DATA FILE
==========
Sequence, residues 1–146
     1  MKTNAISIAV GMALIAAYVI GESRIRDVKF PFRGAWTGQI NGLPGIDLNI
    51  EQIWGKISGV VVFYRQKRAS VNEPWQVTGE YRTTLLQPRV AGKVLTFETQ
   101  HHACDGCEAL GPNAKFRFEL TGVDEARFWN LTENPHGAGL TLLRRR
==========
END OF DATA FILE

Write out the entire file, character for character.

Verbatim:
Sequence, residues 1–146
     1  MKTNAISIAV GMALIAAYVI GESRIRDVKF PFRGAWTGQI NGLPGIDLNI
    51  EQIWGKISGV VVFYRQKRAS VNEPWQVTGE YRTTLLQPRV AGKVLTFETQ
   101  HHACDGCEAL GPNAKFRFEL TGVDEARFWN LTENPHGAGL TLLRRR